Number of D.C. Homeless Increased by nearly 12 Percent

Washington Post photo by Bonnie Jo Mount.
Tara Ravishankar, an outreach specialist with Pathways to Housing DC, surveys unhoused people in McPherson Square on Jan. 25, 2023, in Washington, D.C.

The number of people experiencing homelessness in Washington has increased by 11.6 percent over the last year, including a significant uptick in individuals living on the streets for the first time.

The 2023 increase, determined by the annual point-in-time (PIT) count held in January and released publicly this week, saw rises in both the numbers of individuals and families struggling without permanent housing, according to the D.C. Department of Human Services. This year’s homeless census tallied 4,922 homeless individuals in the District, up from 2022’s 4,410.

The new figures also represent a stark turnaround from recent years, which saw consecutive drops in the District’s homeless population. DHS maintains that the recent figures reflect national economic pressures such as inflation and the end of pandemic-era programs and protections. The 2023 homeless census is still lower than the last pre-pandemic PIT count, in 2020 – 6,380.

But the new increase still represent a “clear call to action” for the city and providers, DHS Director Laura Green Zeilinger said in a news release.

“We have an opportunity to improve our response when single adults first touch the homeless services system,” Zeilinger said. “We are making investments in outreach, prevention and diversion services, shelter renovations and supportive services, while maintaining investments in the housing assistance people need to exit homelessness.”

Required by law by the Department of Housing and Urban Development, the annual PIT numbers create a snapshot of a region’s homeless population on a single night each January.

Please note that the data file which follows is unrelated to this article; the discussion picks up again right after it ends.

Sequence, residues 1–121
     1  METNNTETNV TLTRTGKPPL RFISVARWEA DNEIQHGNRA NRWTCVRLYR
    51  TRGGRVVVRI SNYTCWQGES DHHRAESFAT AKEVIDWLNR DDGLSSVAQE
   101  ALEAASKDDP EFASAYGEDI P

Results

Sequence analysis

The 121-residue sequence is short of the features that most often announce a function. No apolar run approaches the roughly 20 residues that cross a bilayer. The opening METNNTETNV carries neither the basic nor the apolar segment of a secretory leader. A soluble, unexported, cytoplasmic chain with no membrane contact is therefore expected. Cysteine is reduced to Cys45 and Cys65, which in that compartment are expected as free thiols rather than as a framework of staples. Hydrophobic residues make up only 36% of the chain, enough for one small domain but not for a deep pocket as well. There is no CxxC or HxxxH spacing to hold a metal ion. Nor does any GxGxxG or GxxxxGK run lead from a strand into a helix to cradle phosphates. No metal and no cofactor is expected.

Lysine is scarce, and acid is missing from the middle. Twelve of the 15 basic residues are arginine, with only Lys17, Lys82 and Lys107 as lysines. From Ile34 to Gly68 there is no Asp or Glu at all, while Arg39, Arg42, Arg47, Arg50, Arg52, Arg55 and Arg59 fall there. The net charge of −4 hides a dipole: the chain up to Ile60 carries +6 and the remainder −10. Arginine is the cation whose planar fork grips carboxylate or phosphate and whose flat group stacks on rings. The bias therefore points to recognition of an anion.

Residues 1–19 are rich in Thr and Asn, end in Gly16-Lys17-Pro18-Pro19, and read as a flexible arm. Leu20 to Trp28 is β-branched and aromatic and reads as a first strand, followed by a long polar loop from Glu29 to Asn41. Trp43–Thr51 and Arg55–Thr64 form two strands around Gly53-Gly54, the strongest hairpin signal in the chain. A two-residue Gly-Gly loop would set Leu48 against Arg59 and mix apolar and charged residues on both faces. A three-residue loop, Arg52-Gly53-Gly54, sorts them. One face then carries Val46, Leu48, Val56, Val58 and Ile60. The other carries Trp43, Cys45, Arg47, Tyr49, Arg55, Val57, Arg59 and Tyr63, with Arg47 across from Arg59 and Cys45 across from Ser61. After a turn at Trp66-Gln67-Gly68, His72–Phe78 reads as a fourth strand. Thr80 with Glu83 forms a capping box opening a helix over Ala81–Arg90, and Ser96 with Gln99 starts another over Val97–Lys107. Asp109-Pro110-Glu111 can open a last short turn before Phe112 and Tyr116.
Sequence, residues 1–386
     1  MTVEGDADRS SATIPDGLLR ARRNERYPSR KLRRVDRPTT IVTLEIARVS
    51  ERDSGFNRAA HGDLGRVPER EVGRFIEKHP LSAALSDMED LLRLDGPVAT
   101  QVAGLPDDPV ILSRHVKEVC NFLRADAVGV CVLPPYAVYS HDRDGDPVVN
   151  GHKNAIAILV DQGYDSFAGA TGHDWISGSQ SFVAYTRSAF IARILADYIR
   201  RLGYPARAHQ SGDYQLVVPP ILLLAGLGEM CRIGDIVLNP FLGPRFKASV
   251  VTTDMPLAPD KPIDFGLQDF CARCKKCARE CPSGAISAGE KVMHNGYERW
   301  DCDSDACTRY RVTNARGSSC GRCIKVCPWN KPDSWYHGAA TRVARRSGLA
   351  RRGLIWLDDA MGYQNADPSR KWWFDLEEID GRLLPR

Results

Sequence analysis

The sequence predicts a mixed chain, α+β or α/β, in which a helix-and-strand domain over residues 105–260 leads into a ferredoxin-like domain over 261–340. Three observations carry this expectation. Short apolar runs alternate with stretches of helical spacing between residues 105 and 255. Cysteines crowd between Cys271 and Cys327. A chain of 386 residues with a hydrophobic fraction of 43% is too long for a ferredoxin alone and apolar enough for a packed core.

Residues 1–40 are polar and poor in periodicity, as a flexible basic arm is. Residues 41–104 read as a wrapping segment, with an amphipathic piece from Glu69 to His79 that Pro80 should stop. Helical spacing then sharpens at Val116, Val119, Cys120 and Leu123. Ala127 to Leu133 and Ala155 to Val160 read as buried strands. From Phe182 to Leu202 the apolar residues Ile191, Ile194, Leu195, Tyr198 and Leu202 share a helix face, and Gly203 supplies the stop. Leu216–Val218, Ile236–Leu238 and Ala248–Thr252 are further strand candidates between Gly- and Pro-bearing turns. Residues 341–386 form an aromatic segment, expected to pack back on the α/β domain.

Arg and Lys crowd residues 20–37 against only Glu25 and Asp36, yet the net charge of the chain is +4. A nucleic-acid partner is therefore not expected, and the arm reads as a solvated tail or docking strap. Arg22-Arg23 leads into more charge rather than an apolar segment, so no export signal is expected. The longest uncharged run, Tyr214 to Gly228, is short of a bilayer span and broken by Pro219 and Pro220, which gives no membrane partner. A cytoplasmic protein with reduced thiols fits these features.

The figures – a combination of surveys conducted on the streets by volunteers and a head count of emergency shelter residents – help policymakers determine the resources needed to address the issue properly.

In recent years, however, questions have arisen as to the PIT figures’ accuracy, and cities such Seattle have begun experimenting with new ways to determine their homeless population.

DHS noted a large increase in the number of homeless individuals living on the street and not in emergency shelters or transitional housing: 821 individuals were unsheltered in the 2023 count, while the census found 690 in 2022.

Homelessness has been a flash-point issue in the District in recent years. Mayor Muriel E. Bowser (D) took office in 2015, a time when the city tallied nearly 8,000 individuals living on the street or in emergency shelters.

Vowing to end homelessness, the mayor introduced initiatives to house the District’s homeless population. Under Bowser, the city built new shelters for families across the city and closed the problem-ridden D.C. General family shelter in the wake of the disappearance of 8-year-old Relisha Rudd.

The District has also funded thousands of permanent supportive housing vouchers that subsidize rent payments for some of the city’s neediest. But many who have received them have still struggled to find apartments, and hundreds of vouchers remain unused. City officials say a shortage of case workers who could help connect the District’s homeless with housing and services has also stymied the voucher program.

The U.S. Park Police cleared an encampment of more than 70 people at McPherson Square in February. But the city has so far only housed a fraction of them.

According DHS, another trend that the 2023 PIT data also highlighted was the number of people in the District experiencing homelessness for the first time. Typically, between 20 and 30 percent of the individuals tallied in the homeless census are experiencing homelessness for the first time. In 2023, nearly 50 percent of the individuals counted were new to homelessness, the agency said.

The new numbers quantify the increased workload that District homeless advocates and service providers say they have noticed.

That demand – as well as staff burnout – have only increased since pandemic protections such as rent and utility relief have diminished or disappeared.

“It’s disappointing to see this increase in homelessness in D.C., especially while so many housing vouchers remain unused,” said Jesse Rabinowitz, the senior manager for policy and advocacy at Miriam’s Kitchen. “We call on our entire community to focus on the root causes of homelessness, including the dire lack of low-income housing.”